» epigenetics, genetics & genomics and techniques

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image: Repainting Ancient Birds

Repainting Ancient Birds

By Megan Scudellari | July 1, 2011

Using synchrotron rapid scanning X-ray fluorescence to map the distribution of trace metals in avian fossils over 120 million-year-old, researchers reconstruct the pigment patterns of their feathers—revealing some of the extinct birds' long-lost colors.


image: OPSINS: Tools of the trade

OPSINS: Tools of the trade

By Edward S. Boyden | July 1, 2011

The optogenetic toolset is composed of genetically encoded molecules that, when targeted to specific neurons in the brain, enable the electrical activity of those neurons to be driven or silenced by light. 


image: Meet the Crystal Smasher

Meet the Crystal Smasher

By The Scientist Staff | July 1, 2011

Take a tour of the Linac Coherent Light Source (LCLS), whose ultra-powerful X-ray beam is being used to solve the structures of proteins that are notoriously hard to crystallize.


image: Optogenetics: A Light Switch for Neurons

Optogenetics: A Light Switch for Neurons

By Edward S. Boyden | July 1, 2011

This animation illustrates optogenetics—a radical new technology for controlling brain activity with light.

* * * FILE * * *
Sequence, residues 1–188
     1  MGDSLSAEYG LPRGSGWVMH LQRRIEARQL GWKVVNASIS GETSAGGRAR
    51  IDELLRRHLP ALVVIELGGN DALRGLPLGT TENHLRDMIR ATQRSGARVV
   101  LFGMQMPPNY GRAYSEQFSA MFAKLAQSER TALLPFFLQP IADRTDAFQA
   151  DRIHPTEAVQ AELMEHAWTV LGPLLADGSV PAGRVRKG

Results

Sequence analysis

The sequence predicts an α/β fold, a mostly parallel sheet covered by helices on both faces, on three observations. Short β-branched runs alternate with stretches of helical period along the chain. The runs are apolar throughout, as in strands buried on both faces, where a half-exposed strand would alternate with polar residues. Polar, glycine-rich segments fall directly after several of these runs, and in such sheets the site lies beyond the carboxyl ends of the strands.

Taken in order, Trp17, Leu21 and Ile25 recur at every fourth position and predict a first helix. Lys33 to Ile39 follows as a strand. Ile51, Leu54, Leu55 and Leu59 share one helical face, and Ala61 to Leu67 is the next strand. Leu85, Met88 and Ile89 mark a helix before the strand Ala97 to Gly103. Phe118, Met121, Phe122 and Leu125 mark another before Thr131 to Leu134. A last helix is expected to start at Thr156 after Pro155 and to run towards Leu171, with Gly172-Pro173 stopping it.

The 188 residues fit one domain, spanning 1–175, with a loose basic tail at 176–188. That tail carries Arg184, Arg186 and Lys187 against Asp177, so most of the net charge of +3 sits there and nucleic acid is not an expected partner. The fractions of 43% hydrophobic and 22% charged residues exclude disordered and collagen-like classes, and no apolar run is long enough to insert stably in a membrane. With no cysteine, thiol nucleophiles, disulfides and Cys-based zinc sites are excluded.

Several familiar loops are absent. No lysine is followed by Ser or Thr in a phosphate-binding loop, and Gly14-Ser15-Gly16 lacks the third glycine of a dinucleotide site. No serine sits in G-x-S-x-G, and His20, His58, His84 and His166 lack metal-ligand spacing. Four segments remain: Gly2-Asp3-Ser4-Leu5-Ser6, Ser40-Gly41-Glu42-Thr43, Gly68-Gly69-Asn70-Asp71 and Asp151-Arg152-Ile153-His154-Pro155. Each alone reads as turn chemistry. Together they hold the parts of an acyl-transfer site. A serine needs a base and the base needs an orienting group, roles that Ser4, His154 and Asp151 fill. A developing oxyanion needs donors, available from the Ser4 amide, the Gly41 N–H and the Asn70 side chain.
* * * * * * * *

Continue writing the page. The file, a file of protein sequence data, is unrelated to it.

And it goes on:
image: Smashing Crystals

Smashing Crystals

July 1, 2011

A powerful new X-ray–generating laser is imaging smaller crystals than ever before.


image: Epigenetics—A Primer

Epigenetics—A Primer

By Stefan Kubicek | March 1, 2011

Epigenetic events regulate the activities of genes without changing the DNA sequence. Different genes are expressed depending on the methyl-marks attached to DNA itself and by changes in the structure and/or composition of chromatin. 


image: Death or Damage of Dopamine Neurons

Death or Damage of Dopamine Neurons

By Bobby Thomas and M. Flint Beal | February 1, 2011

The hallmark pathology of Parkinson’s disease is the damage and death of dopamine producing neurons in the brain. 


image: The Evolution of Volvox

The Evolution of Volvox

By N/A | January 1, 2011

The volvocine algae are a model system for studying the evolution of multicellularity, as the group contains extant species ranging from the unicellular Chlamydomonas to a variety of colonial species and the full-fledged multicellular Volvox varieties.


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